Harvest mice themselves are incredibly hard to spot, and disappear at the approach of people or predators, so we look for nests as they can’t run away. A couple of times during surveys I have seen a gingery streak shoot out from behind a tussock or into a hedge, but that’s a rare occurrence. Finding a nest fortunately happens far more often and is evidence of their presence, although it doesn’t help us know how many there are around because females often build several nests before having their babies, with litters of varying sizes. Harvest mice in Devon seem to favour slightly different habitats than elsewhere, sometimes turning up in surprising places, and we’ve even had records from parks in Exeter city centre. The majority of Devon nests though turn up in tussocks of cocksfoot grass, closely followed by molinia, of which we have plenty on the moors and commons. Harvest mice also seem to like phragmites on the edges of marshes, and with so many beautiful estuaries locally they are spoiled for choice. It seems that they also rather like the reed beds in sewage works too: they may not be the most inviting of places to search, but a recent nest search with South West Water on the edge of Dartmoor turned up eight nests along just one edge of their reed bed. The surrounding hectad had been searched many times with no record of nests, so this was a particularly exciting find. Elsewhere across the country harvest mice might favour slightly different places, such as arable crops, which are far less common here, and if you look at the webpages mentioned above you’ll see photos of suitable habitat where people have already looked and found nests to give you ideas of places to look.
As I write we’re heading to the middle of October and the harvest mouse season is just about getting underway. We already have nine nests recorded across Devon in five different places, and had our first group survey on Saturday. We had a stunning day for it, with people peeling off layers rather than putting them on. We were checking a usually reliable place for nests, and although it was a bit disappointing not to find any this time, being there as a group maximised our chances of success. We may not have found any nests, but everyone had a good walk in stunning habitat and virtually everyone has already signed up for the next survey in ten days’ time. We were even treated to Dartford warblers singing as we hunted, with brief views as we headed back to the car park. The good thing about group surveys is that if we just one person finds a nest it becomes worth it for everyone. If we aren’t lucky (only ever happened twice!) then we know it’s not that we’re not doing it properly and no one goes home dejected. The best days though are the ones where the competition starts up and people start competing to find the most nests: before you know it everyone has the bug…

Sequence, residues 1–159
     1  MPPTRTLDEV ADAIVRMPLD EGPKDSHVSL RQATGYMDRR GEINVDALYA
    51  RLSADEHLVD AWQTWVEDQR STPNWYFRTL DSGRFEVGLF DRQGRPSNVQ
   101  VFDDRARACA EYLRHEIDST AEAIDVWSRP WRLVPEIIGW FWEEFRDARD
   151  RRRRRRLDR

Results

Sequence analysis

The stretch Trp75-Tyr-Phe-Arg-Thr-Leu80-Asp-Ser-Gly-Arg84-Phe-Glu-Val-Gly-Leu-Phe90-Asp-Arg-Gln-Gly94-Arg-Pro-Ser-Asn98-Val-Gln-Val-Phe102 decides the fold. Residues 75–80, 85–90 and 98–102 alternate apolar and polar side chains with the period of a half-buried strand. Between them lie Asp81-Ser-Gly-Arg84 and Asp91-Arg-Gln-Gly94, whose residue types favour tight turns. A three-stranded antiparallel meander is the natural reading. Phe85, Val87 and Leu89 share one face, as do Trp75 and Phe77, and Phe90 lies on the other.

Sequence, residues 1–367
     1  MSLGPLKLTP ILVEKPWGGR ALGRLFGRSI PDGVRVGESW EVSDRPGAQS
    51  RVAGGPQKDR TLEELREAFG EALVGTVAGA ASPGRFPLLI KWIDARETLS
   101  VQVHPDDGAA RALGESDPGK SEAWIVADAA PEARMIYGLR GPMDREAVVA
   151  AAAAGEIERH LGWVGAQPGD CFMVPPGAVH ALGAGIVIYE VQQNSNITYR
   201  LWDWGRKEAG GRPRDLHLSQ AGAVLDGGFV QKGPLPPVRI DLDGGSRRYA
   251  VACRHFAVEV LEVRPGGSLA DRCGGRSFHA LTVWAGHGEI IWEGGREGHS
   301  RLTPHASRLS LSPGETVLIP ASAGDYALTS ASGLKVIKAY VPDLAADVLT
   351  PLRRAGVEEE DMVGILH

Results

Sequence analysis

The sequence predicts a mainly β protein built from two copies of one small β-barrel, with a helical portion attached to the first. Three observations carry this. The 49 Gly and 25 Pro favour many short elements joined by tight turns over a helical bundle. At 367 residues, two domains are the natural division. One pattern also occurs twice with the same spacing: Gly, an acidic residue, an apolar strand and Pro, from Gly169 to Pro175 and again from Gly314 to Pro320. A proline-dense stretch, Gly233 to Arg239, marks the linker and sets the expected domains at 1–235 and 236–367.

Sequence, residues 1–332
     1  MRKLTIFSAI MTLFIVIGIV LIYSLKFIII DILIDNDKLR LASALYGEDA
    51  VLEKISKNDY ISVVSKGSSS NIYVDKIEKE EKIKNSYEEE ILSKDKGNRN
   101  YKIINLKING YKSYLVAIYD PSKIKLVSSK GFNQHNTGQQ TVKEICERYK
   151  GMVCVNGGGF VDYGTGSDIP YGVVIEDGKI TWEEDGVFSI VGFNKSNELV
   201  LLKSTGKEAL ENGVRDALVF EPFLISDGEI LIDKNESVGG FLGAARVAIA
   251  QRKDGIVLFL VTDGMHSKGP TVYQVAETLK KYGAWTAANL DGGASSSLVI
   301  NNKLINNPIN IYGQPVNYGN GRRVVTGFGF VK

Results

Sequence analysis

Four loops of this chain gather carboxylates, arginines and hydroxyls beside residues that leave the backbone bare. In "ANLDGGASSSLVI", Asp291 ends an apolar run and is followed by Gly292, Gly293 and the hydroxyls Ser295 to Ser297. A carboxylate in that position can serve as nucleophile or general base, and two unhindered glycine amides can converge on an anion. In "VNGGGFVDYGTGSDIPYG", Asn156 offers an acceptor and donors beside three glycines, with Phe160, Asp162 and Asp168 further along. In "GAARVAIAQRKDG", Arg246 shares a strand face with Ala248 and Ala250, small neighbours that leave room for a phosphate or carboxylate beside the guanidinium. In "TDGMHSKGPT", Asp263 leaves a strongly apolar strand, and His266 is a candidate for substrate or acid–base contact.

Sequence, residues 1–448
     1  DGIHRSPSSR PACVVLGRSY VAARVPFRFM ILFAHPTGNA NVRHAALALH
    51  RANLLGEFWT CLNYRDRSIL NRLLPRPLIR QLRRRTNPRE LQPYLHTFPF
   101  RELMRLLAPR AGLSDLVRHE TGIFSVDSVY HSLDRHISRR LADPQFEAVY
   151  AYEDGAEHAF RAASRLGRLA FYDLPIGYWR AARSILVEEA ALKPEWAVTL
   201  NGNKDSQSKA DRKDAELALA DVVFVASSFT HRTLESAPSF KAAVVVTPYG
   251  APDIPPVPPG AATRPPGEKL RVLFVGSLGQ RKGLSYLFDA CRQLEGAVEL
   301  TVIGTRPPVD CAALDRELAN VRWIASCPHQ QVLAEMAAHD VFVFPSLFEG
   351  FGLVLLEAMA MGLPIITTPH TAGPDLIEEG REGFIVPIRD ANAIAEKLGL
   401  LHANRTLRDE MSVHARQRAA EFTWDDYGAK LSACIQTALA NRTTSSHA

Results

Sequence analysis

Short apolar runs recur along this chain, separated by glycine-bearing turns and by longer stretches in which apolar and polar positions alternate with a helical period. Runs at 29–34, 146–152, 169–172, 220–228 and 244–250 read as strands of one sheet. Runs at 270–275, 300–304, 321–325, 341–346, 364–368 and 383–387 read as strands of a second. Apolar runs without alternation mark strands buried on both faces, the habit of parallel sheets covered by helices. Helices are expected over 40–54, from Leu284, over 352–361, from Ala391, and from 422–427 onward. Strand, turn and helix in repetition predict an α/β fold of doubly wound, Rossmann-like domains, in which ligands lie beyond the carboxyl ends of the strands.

I think my best tips would be not to look in one place for too long (if you haven’t found them in an hour you probably won’t and there is the danger of going the grassy version of snow-blind) and to record any nil results as it is still really useful information. I worry that lots of people think they must be doing something wrong so don’t send in a nil result, when actually this is really useful to know about. My final tip would be not to get dejected if you don’t find anything: I can go for several surveys and still not find anything, then the next time you go out you find that little bundle of woven gold and the addiction starts all over again.
Watch Sarah’s How to Find Harvest Mouse Nests video below:
To find out more about what’s going on during National Mammal Week 2021 click here.